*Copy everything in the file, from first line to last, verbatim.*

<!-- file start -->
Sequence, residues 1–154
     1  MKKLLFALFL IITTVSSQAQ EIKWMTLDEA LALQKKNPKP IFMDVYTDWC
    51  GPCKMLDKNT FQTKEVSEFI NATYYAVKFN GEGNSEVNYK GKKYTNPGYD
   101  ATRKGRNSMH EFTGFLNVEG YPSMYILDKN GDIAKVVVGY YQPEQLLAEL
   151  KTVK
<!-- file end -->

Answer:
Sequence, residues 1–154
     1  MKKLLFALFL IITTVSSQAQ EIKWMTLDEA LALQKKNPKP IFMDVYTDWC
    51  GPCKMLDKNT FQTKEVSEFI NATYYAVKFN GEGNSEVNYK GKKYTNPGYD
   101  ATRKGRNSMH EFTGFLNVEG YPSMYILDKN GDIAKVVVGY YQPEQLLAEL
   151  KTVK